New York Governor Andrew Cuomo, Bill Gates, Eric Schmidt and Mike Bloomberg are signed on to bring us a sanitized, dehumanized, no-touch, on-screen
dystopia. We are human biohazard.
Anuja Sonalker, CEO of Steer Tech, a Maryland-based company selling self-parking technology, has declared it so.
Sonalker enthuses that “There
has been a distinct warming up to human-less, contactless technology. Humans
are biohazards, machines are not.”
I’m not quite sure which social
bonfire Anuja found warming, but I detect a chill in the air about a dystopian
future a mere four months into a pandemic.
The source of this mind-bending information is an article
by Naomi Klein in The Intercept. Klein, you may remember, is the author
of The Shock Doctrine and a number of other books that long ago directed
our attention to various nefarious social trends.
The lady knows her territory.
And not to say that a self-parking technology CEO can’t
lead the way. There’s enough slop in this pig-trough for all the tech companies
Eric Schmidt, for example, since
leaving Google has reinvented himself as Schmidt Futures, “a venture
facility for public benefit, we help people do more for others by imagining
what’s possible, applying advanced science and computing thoughtfully, and
working together in networks across fields.”
Eric promises to “strengthen and
expand the American middle class in order to increase competitiveness and
improve quality of life.”
I’m not sure how he hopes to accomplish that by
throwing vast sums of public money at Silicon Valley—but hey—he’s got a plan
and that’s what his website promises.
What’s left of America’s middle class is already as competitive
as possible, with mom and dad working multiple jobs, credit-card, college
and car loan debt in the $trillions and 63% of Americans unable to raise $500
in an emergency. Schmidt is correct, in that there’s still work to be done in that improving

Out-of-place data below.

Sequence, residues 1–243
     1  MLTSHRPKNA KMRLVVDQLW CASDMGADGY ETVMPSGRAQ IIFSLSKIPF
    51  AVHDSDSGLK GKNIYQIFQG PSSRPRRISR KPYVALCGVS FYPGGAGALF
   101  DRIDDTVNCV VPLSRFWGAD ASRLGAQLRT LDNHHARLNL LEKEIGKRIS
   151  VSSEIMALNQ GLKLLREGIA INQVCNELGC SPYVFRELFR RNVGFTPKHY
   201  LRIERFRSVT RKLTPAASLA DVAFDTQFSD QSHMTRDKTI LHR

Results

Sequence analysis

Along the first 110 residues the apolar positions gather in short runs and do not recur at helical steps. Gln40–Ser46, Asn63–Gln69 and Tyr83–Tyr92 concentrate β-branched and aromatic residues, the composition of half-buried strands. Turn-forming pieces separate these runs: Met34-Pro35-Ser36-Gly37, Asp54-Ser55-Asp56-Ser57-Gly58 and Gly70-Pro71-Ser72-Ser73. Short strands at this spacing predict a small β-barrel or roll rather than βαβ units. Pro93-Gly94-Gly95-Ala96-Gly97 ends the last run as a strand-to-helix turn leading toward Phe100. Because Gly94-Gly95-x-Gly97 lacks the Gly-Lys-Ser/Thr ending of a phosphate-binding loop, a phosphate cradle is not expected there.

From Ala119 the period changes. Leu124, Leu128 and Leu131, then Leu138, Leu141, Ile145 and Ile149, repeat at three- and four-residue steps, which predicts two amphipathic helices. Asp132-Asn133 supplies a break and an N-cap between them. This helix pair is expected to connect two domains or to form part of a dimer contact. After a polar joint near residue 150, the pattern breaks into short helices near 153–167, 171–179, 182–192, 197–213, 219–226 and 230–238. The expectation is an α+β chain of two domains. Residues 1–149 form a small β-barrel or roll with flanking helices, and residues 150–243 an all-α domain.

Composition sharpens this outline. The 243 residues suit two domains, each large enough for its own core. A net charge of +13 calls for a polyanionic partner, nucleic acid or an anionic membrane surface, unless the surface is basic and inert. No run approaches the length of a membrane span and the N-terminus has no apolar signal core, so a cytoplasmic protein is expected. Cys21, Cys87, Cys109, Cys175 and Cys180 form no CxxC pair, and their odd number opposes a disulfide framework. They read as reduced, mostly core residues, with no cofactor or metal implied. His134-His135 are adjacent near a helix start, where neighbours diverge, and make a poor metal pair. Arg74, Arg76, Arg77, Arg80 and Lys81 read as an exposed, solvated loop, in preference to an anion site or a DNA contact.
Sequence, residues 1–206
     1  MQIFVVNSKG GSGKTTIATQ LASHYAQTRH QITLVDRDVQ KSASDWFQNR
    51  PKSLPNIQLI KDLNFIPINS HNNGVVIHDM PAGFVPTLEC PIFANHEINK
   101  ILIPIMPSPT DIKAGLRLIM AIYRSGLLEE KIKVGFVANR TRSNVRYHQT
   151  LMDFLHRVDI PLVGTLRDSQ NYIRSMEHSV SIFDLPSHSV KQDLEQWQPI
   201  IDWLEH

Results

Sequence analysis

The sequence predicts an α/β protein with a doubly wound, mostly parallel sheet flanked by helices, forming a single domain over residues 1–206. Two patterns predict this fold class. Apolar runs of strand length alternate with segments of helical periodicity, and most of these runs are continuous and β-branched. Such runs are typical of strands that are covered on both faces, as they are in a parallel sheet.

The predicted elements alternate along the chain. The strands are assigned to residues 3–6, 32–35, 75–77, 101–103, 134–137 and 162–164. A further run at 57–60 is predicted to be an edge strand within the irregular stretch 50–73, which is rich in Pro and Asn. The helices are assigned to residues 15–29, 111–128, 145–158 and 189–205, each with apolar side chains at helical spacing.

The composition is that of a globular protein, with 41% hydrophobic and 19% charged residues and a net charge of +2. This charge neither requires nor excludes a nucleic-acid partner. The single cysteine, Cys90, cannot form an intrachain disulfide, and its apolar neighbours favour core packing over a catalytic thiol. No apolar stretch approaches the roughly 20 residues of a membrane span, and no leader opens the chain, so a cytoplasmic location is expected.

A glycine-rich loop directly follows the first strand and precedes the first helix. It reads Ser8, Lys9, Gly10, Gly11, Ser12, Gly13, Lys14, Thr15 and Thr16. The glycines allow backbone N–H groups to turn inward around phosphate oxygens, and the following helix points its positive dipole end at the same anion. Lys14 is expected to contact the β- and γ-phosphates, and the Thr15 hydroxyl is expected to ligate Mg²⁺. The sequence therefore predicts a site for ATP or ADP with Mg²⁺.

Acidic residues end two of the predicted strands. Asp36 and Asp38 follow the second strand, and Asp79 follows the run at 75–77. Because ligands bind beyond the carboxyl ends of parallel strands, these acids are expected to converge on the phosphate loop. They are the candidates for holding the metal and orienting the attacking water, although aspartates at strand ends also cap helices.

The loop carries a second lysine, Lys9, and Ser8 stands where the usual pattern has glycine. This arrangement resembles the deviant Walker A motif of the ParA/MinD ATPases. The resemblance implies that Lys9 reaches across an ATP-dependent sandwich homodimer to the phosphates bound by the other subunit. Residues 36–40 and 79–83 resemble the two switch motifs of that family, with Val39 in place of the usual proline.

the quality of life part.
But I fail to see how that’s
accomplished by isolating us further with 5G online goodies.
Humans are tribal animals, at their
best by socializing, supporting one another by one-on-one eye contact, an
encouraging arm around the shoulder and a high degree of empathy. If we accept
that we are little more than biohazards to be isolated and controlled,
Eric has his work cut out for him in improving our quality of life.
The high-tech crowd will no doubt become
even more economically bloated and distant from society than is currently the
case. But you can damned well bet that Schmidt, Gates, Bloomberg and whoever
fills out the remaining twelve seats on Cuomo’s task force will successfully
avoid even sniffing-distance from the middle class they claim to champion.
It's Harvard, Yale and Stanford for their kids and a Tesla for their birthday (let's not forget, they're environmentally sensitive).
Dystopia is The Intercept’s word, not theirs. You
will find it nowhere in the advertising copy for their brave new world, nor on
Defined as a state in which the conditions of life are
extremely bad as from deprivation, oppression or terror, it describes your
and my portion of society and not theirs.
The scene is best described as
watching in slow-motion as the umpires argue, while high-tech steals third base
in the game we call American Society.
Ah yes, we’ve come a long way,